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Stilz v. Bethlehem Shipbuilding Corp.

UNITED STATES COURT OF APPEALS FOR THE THIRD CIRCUIT


December 29, 1941

STILZ
v.
BETHLEHEM SHIPBUILDING CORPORATION, LTD.

Appeal from the District Court of the United States for the Eastern District of Pennsylvania; Oliver B. Dickinson, Judge.

Before BIGGS, MARIS, and GOODRICH, Circuit Judges.

Per Curiam.

The present application of the petitioner in this case is for a rehearing following the denial of the court of his petition for legal aid, filed July 17, 1941. The petitioner's requests in this and other courts of the United States have been many. their number should not and does not adversely affect his right to be patiently heard concerning the relief he quite evidently feels himself entitled to receive.

The petitioner is the owner of patents which have to do with oil burners, Nos. 945873 and 1066161. In Stilz v. United States, 1925, 269 U.S. 144, 46 S. Ct. 37, 70 L. Ed. 202 the Supreme Court affirmed a judgment of the Court of Claims, 59 Ct.Cl. 21, in which it was found that the United States had not infringed the petitioner's patents. Following this litigation the petitioner used other persons for alleged infringement in the District Court for the Southern District of New York and a decision adverse to his claims was affirmed by the Circuit Court of Appeals for the Second Circuit in Stilz v. Babcock & Wilcox Co., 1924, 5 F.2d 630. The next litigation was in the District Court for the Eastern District of Pennsylvania. Again the claim was infringement and again the decision was adverse to the petitioner. The District Court was affirmed by this court in Stilz v. Bethlehem Shipbuilding Corp., 3 Cir., 1928, 29 F.2d 156, certiorari denied 1929, 279 U.S. 834, 49 S. Ct. 254, 73 L. Ed. 983.

Since 1928 the petitioner has presented a series of applications to this court attacking both the action of the court in the decision last cited and the result in the litigation in the Second Circuit, as well as that in the Court of Claims and the Supreme Court of the United States. The chronological order of these attacks is as follows:

November 13, 1928 Petition for rehearing

November 21, 1928 Denied

December 5, 1928 Call for legal aid

January 11, 1929 Application for appeal to Supreme Court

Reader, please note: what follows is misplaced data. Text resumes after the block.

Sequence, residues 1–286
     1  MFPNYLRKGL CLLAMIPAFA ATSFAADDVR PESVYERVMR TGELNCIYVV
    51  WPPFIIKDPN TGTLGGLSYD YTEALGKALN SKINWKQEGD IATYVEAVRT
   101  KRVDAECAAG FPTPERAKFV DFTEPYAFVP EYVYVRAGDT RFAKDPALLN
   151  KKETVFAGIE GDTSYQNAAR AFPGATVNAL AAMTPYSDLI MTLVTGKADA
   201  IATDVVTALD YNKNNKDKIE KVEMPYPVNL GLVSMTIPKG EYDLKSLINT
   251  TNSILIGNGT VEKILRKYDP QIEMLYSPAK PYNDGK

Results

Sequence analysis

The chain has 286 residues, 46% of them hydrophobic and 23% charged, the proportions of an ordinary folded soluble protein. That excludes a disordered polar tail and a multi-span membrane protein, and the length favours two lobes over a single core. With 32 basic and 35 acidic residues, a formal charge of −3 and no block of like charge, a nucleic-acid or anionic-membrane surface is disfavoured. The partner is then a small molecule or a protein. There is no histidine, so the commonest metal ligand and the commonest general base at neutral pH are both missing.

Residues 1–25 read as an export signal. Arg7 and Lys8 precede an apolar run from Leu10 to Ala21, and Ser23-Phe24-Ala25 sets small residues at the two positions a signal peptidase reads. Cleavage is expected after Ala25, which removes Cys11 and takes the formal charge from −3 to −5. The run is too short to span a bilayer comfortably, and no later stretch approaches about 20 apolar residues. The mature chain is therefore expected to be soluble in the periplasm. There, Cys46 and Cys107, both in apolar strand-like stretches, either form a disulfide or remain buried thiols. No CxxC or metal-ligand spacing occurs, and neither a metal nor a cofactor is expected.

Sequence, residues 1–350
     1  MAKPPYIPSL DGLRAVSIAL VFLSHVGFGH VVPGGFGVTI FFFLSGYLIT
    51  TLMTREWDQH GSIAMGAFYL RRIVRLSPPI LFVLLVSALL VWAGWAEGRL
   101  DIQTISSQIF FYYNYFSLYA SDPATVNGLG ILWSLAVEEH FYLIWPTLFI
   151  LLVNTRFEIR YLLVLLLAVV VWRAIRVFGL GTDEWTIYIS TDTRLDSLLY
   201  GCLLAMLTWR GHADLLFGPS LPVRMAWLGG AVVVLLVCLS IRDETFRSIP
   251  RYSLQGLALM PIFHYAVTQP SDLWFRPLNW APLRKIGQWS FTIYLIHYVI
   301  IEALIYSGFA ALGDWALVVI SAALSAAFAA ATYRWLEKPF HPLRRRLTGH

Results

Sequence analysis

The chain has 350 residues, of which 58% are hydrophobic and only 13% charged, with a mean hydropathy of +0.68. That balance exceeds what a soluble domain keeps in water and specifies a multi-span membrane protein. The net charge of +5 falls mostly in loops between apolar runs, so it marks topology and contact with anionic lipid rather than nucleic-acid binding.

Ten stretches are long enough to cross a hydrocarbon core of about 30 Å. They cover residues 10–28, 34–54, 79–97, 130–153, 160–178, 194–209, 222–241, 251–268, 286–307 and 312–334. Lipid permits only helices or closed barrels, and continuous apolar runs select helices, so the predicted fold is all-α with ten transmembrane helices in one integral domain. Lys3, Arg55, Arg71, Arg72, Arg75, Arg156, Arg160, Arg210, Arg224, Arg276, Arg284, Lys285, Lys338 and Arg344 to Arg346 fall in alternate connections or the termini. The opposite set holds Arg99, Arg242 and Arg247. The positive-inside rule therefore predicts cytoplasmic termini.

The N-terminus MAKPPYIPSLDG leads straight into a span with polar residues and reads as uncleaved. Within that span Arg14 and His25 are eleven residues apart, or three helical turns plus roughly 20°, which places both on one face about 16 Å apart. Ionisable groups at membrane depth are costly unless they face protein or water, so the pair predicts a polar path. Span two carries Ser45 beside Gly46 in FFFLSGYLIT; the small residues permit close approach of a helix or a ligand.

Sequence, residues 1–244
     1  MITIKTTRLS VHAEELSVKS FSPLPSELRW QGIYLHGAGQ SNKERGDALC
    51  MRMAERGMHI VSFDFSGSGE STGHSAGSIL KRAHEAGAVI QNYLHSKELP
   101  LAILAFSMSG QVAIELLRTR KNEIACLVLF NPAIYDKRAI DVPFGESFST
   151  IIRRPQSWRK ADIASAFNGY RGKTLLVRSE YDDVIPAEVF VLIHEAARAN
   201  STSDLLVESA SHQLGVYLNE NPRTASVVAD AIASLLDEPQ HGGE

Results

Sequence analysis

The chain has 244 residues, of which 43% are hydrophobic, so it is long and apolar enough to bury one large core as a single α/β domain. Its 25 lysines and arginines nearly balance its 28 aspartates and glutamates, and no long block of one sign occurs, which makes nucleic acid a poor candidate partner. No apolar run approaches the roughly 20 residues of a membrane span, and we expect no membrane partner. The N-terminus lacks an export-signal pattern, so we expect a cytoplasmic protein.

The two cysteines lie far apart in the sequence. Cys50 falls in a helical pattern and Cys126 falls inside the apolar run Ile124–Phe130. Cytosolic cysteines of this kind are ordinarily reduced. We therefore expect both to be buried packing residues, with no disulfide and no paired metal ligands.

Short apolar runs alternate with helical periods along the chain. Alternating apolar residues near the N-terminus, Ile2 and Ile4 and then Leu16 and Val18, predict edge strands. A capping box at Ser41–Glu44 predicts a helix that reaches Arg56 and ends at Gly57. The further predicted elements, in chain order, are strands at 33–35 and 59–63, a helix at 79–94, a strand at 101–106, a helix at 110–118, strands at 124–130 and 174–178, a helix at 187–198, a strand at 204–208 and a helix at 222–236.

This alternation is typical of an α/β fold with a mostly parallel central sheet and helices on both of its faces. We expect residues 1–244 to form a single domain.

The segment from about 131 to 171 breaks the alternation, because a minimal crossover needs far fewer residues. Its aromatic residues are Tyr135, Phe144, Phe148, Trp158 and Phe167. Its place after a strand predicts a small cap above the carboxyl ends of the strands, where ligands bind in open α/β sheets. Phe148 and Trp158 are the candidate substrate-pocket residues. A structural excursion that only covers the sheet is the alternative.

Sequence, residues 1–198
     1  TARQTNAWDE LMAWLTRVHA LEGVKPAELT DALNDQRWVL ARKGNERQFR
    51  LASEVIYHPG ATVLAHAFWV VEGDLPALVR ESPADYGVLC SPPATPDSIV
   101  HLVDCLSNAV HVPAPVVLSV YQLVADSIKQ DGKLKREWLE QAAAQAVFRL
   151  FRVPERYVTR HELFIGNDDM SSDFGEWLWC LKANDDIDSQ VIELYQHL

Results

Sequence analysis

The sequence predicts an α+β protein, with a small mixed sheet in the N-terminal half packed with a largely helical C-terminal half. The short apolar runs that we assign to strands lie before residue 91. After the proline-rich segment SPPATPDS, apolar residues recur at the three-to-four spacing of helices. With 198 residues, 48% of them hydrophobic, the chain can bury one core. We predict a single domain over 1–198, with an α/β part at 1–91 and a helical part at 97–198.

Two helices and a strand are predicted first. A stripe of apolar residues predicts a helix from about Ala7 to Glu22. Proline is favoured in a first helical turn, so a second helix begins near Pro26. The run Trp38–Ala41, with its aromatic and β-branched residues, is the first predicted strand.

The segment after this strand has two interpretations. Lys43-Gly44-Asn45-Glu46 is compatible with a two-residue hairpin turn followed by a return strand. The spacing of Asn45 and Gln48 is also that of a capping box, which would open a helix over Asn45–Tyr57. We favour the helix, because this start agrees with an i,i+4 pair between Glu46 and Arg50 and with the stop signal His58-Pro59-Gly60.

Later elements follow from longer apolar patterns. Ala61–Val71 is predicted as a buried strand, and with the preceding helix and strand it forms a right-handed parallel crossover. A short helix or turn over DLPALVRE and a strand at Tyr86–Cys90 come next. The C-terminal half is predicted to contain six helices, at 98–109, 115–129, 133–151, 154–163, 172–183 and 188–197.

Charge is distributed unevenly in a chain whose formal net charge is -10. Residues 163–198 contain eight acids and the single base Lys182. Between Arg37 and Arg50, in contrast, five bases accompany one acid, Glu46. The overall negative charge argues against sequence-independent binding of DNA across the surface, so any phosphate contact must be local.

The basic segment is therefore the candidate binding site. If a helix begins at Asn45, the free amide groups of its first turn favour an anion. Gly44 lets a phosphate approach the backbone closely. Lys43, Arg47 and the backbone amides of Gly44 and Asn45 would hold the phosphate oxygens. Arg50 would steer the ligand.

January 14, 1929 Allowed

February 28, 1929 Supreme Court denied writ of certiorari

April 28, 1931 Motion for leave to file petition for rehearing

Permission granted

Petition for leave to file Bill of Review

Petition for rehearing

February 8, 1932 Order denying petition for rehearing and

for leave to file

Bill of Review

February 5, 1940 Petition for rehearing

February 8, 1940 Denied

February 20, 1940 Petition to remand to District Court

February 24, 1940 Denied

March 18, 1940 Motion to amend petition for rehearing

Denied

Petition for investigation

March 19, 1940 Denied

April 2, 1940 Petition for review extraordinary

April 3, 1940 Dismissed

May 24, 1940 Petition for rehearing on petition for rehearing

June 5, 1940 Denied

June 11, 1941 Petition for reconsideration of petition

for rehearing

July 9, 1941 Denied

July17, 1941 Motion for legal aid

October 6, 1941 Supplementary motion for leave to

prosecute further

October 9, 1941 Application for legal aid denied

October 10, 1941 Supplementary motion denied

The petitioner is in error in so far as he suggests that adverse rulings against him in this long series of applications have been through any failure on the part of the court to consider his points. They were considered when presented; they have been reexamined upon the presentation of this motion. No one, so far as this court is advised, has attacked the petitioner's patent. For all we know it may be highly valuable and, if used, might revolutionize industry and produce wide public benefit. The points presented in the litigation he has brought have been the alleged infringement of his patent by others. This is a question for each individual case. The responsibility for the decision is vested in the courts and in each instance that responsibility has been met by a careful examination of the claims and a decision upon the questions presented. The petitioner suggests that certain evidence, which he was told would be considered without being reprinted was not so considered. If taken literally this suggestion constitutes a serious charge against those who compose the court. We realize, however, that unsuccessful litigants are not apt to feel that the court has adequately considered their side of a case which they have lost. The petitioner also indicates the view that his case has not received adequate consideration because he presented it himself instead of having counsel to present it for him. We do not feel that there has been any failure to understand the points made by the petitioner. Indeed, so far back as the litigation in 1928, the opinion of this court specifically mentioned the fact that petitioner, although unlearned in the law, had presented his side of the controversy in clear and understandable fashion.

So long as questions in litigation have to be answered by fallible human beings there can be no guaranty against human mistakes. The most that courts can do is answer the questions presented as best they can. This consideration the petitioner has had throughout his long course of litigation. The courts are open to him if, in his judgment, other persons are thought to be infringing his patent. But so far as the litigation already engaged in is concerned the consideration already given concludes it.

The motion for reconsideration is denied.

19411229

© 1998 VersusLaw Inc.



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